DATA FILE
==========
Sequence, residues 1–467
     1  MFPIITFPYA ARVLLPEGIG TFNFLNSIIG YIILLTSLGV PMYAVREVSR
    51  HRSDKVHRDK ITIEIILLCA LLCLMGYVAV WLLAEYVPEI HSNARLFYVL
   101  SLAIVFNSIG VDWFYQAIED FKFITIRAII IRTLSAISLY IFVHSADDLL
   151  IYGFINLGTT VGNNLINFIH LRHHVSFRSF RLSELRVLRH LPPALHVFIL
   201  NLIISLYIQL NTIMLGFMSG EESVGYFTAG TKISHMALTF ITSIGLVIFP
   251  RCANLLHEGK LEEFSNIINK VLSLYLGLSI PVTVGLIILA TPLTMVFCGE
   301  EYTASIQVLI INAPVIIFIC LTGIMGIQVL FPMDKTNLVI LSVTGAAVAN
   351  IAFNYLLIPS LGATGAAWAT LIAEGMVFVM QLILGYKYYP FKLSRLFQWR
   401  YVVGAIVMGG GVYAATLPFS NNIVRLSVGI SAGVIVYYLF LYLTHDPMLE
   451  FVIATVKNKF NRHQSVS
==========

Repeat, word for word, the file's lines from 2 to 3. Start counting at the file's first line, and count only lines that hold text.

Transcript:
     1  MFPIITFPYA ARVLLPEGIG TFNFLNSIIG YIILLTSLGV PMYAVREVSR
    51  HRSDKVHRDK ITIEIILLCA LLCLMGYVAV WLLAEYVPEI HSNARLFYVL